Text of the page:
When you begin your job search, look for opportunities within each potential job you are considering to find your own niche. During the interview process, ask about new initiatives started by the group and whether the practice or hospital service is seeking any specialized skills. Ask the physicians about their vision for the development of the practice and see if it includes offering new services that you may be able to provide. Research the practice or hospital system, analyze it, and try to identify a skill that might bring value to the group. Be creative. You will have more opportunities after graduation as a full-time member of a clinical group to develop a skill. Perhaps you worked as a medical technologist and you are noticing inefficiency or misuse of laboratory tests by others in your practice. Use this as an opportunity to educate your coproviders or to recommend improvements in process. Perhaps you were an emergency medical technician and developed a proficiency for many procedures. You might use these skills in a family medicine practice to offer a workshop or to become the procedure “specialist” in the group. The possibilities are limitless.
Developing your niche
Be patient and persistent. Developing unique skills and a niche takes time, often years. You will need to continually learn to keep up with new developments in the field. Don’t be discouraged if you start down one path only to find that you need to change directions. Keep an open mind, stay connected with members of your health care team, and allow your clinical experiences to guide you. Use your professional development funds to attend workshops, seminars, and short courses. You may begin by attending short workshops that are part of a national conference and when you begin to have a vision and see your goal, move to attend seminars and more lengthy courses. Seek advice and help from other specialists in your scope of practice. Show interest in the other members of the health care team. Spend time learning outside your regular working hours. Most people enjoy talking to others about their unique skills. It may be your respiratory therapist or social work colleague who connects with you for a novel idea. Develop a vision and establish a goal. When we don’t have a destination, we can wander aimlessly.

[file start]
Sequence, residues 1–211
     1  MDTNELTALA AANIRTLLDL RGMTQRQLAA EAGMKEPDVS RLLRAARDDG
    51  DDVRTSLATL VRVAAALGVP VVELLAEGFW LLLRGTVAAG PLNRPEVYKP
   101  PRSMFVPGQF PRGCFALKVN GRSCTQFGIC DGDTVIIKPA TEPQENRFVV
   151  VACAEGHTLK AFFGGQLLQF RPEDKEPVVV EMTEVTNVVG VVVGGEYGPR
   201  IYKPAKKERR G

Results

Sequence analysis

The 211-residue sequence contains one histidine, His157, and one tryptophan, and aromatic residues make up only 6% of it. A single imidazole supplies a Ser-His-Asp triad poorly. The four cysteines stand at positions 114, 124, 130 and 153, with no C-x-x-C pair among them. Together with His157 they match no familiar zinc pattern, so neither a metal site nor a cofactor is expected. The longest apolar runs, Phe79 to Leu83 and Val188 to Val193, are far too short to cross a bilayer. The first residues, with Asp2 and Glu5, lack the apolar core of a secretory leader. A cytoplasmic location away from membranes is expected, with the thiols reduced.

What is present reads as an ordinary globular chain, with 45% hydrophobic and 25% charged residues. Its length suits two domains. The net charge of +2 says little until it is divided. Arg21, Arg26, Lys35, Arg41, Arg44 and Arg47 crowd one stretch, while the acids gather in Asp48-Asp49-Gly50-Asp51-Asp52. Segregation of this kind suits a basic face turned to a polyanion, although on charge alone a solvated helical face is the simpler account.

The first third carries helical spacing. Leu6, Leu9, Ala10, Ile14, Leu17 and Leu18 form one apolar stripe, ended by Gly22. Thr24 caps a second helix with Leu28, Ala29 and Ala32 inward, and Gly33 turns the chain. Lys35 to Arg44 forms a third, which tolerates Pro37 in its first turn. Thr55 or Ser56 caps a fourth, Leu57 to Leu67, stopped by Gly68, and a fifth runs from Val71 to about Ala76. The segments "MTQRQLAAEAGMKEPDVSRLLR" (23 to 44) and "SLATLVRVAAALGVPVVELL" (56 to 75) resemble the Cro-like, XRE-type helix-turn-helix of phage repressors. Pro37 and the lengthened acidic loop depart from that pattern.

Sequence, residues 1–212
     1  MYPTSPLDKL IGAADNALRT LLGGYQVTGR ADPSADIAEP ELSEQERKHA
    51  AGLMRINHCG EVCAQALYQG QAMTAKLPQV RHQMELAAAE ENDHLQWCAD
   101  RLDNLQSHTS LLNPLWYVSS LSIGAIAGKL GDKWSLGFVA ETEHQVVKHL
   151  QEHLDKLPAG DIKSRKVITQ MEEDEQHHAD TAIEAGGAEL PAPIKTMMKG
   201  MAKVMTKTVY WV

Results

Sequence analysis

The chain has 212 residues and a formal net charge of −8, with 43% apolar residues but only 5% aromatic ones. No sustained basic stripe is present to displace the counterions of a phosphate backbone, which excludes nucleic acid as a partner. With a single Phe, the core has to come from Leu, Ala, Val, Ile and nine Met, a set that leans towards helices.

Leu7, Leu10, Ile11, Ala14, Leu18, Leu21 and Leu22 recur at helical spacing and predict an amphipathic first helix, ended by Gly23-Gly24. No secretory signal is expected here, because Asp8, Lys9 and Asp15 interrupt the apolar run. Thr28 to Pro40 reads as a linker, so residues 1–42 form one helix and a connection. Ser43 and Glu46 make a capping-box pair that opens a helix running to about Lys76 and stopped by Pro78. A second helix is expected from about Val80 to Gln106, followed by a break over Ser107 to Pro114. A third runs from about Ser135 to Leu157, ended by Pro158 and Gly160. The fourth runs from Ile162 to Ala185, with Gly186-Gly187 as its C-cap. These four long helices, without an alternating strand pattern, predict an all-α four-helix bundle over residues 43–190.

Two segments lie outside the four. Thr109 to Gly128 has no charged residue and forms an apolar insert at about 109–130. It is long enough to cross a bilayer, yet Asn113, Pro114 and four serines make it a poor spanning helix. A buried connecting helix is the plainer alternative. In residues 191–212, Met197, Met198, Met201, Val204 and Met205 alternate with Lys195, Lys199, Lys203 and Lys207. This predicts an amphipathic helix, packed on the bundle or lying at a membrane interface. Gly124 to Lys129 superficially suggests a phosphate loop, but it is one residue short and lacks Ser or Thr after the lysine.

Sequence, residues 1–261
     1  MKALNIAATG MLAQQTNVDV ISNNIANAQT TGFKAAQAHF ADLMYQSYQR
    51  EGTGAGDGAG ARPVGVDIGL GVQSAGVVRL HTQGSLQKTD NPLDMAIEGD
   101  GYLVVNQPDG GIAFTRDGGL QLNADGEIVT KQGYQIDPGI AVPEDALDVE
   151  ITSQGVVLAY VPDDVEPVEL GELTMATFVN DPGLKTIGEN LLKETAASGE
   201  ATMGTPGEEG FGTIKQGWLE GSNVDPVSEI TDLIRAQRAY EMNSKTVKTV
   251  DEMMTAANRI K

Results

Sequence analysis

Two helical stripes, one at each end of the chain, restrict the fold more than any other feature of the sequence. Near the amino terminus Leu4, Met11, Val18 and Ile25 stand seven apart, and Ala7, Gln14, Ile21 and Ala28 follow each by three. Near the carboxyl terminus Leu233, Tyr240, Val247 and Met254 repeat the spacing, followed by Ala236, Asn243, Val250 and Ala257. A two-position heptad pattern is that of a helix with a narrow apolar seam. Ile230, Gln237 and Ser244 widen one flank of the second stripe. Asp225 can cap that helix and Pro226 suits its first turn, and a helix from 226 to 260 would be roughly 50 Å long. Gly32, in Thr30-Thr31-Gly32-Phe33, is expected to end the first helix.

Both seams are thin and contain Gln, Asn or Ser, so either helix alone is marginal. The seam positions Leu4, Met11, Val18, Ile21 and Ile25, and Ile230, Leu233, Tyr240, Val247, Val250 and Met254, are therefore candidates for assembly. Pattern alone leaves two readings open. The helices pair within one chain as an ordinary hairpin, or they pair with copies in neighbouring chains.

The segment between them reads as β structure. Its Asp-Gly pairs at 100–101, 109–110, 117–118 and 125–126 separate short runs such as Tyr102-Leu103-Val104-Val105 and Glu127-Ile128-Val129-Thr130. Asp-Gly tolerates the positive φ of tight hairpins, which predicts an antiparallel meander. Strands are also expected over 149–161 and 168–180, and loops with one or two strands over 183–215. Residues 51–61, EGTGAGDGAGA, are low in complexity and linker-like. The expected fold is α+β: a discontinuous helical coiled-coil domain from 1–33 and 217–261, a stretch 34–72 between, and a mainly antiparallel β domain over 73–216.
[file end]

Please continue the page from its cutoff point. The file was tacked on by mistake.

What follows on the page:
We have interviewed three PAs who have established niches within their PA practices. Read their stories and reflect upon their journeys as you begin to develop your vision.
Randy Brush MS, PA-C – family medicine
Randy Brush MS, PA-C ( Fig. 57.1 ) found his niche out of compassion for his patients. Diabetes patients in his corner of Indiana were faced with a 3 to 6 month wait to see an endocrinologist. Many of his patients in his family medicine practice were struggling to manage their glucose and facing consequences of uncontrolled diabetes. Randy did not want to make them wait to begin to improve their lives. He began to study and develop his own knowledge and skills in diabetes management. He started researching the pharmacology of medications used to treat diabetes and going to every CME meeting he could find that would help him provide better diabetes care. He also started learning more about the role of different types of diets for patients with diabetes. He learned how to educate patients on the role of carbohydrates in diabetes and how to count carbohydrates for better diabetes care. He would tell his patients, “There is a 3 to 6 month wait for you to see an endocrinologist, so let’s see what we can do for your diabetes while you are waiting. Our work together will give the endocrinologist more data on which to base decisions about what will work best for you.”